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Instead, it turns out that they are very tolerant of people and sometimes even want to interact. I also found that some of the sharks I have dived with actually enjoy having their bellies or noses rubbed on occasion. I wanted to use my photography to bring awareness to the fact that sharks are not waiting for hapless swimmers to eat.

They are wild animals, and they play a very important role in the ecosystem. To date, an estimated million sharks per year have been killed, either for their fins to make shark fin soup or as by-catch. Without them, entire fisheries would collapse. Instead of fear and loathing, they deserve our respect and protection, and in the end, awareness and education are my inspiration. The dry volcanic islands within the park offer a variety of photo opportunities, from big animals and rich, healthy seascapes to small, camouflaged critters that hide in the sandy seafloor. The area also harbors tremendous marine biodiversity that is spread through numerous habitats.

This image typifies the health and diversity of the shallow coral reefs that fringe the arid islands. This tropical region, part of the Lesser Sunda Islands and the Ring of Fire, is part of the Coral Triangle, which is home to more marine species than anywhere else on earth.

Wide-Angle Shooting Tips for the Underwater Photographer - Go Ask Erin

I keep things fairly simple and carry a wide-angle lens and a macro lens. I also make sure to have two powerful strobes that help add color in an otherwise bluish underwater world. One of the most important aspects of underwater photography is getting close to your subject. Water is so dense and always has floating organisms or debris in it, so getting close to the subject eliminates most backscatter and increases contrast.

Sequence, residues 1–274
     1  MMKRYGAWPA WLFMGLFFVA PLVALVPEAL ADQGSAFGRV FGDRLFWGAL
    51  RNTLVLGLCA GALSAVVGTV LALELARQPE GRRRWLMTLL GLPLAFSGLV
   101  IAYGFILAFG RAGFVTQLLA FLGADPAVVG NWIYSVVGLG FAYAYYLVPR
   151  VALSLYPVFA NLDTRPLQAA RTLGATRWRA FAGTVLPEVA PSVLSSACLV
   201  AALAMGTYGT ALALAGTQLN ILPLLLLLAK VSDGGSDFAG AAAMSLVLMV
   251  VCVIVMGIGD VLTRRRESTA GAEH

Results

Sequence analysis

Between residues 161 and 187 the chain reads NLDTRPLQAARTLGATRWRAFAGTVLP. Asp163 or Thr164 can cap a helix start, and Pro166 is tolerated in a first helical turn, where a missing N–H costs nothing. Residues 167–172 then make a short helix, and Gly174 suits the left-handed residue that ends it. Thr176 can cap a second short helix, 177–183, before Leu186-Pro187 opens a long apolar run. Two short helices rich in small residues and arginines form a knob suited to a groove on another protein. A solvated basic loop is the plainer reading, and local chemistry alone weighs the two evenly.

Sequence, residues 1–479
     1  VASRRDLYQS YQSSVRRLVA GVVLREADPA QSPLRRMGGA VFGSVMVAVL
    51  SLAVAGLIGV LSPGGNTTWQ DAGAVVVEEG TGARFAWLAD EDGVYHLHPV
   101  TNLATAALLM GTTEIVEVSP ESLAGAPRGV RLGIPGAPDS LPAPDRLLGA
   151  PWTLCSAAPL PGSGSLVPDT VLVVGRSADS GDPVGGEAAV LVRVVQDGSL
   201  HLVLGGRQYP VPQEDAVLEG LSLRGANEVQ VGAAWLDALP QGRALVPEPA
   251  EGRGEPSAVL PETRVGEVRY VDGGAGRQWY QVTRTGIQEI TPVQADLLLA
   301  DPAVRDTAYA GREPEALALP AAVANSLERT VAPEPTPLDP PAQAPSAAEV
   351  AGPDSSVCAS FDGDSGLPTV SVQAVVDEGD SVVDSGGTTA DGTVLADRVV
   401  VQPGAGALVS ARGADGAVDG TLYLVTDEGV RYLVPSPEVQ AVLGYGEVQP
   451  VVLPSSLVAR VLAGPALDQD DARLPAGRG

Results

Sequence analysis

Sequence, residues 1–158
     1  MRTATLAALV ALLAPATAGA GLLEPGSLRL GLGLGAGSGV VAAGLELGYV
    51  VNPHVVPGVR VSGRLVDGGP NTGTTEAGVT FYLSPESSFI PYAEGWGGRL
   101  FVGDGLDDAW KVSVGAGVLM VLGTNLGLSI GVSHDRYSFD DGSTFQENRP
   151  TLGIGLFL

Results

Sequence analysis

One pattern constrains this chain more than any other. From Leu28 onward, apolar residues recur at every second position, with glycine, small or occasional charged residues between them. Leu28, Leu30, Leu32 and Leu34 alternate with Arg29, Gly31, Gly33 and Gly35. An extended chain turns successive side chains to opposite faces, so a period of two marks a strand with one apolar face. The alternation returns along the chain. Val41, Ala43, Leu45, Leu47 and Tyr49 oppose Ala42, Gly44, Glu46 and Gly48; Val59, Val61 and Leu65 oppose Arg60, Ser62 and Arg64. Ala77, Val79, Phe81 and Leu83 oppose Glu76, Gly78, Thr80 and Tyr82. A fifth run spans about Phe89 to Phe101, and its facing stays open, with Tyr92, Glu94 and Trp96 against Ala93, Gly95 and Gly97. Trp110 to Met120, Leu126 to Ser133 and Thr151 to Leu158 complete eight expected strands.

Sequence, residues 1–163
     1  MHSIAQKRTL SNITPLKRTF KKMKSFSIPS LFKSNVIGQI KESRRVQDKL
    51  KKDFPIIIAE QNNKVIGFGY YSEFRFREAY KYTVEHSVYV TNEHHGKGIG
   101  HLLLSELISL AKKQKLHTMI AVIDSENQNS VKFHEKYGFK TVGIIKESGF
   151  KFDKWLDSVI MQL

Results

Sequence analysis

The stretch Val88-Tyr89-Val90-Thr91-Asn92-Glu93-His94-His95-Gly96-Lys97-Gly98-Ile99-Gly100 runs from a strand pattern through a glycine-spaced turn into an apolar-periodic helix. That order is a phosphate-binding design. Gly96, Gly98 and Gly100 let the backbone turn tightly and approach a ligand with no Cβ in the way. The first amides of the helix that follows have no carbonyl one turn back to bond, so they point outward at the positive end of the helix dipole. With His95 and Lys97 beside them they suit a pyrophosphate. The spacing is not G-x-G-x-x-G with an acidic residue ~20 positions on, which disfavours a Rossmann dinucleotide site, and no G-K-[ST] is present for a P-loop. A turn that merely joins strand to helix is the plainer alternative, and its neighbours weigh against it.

Of course, being as comfortable as you can be in the water helps a lot. I used to spend hours looking at National Geographic photographs— images that told stories of nature, travel, and culture. There are now thousands of talented photographers who work throughout the world, and I do my best to keep my eye on those who are shooting in a unique way. But the most inspiration always comes from being in the water and viewing the incredible life that has evolved there— from the microscopic to the massive.

This is a hard question because every diving place, like every sea, has a specific atmosphere. My two favorite destinations are Indonesia because of the fish, the colors, and the coral reefs and the Red Sea in Egypt because the visibility and the coral are unbeatable. If I have to name only one destination, it would be Lembeh Strait in Indonesia.

I dove there last year for the first time, and it was also my first experience with muck diving ever. I had no idea what to expect! My mind was blown. I am used to diving every day, and if I bring my camera, I take around thirty to sixty pictures per dive, but in Lembeh I was going home with around pictures per day. Every three meters, we were stopping to find a critter. The hardest decision to make is whether to take a wide-angle lens or a macro lens.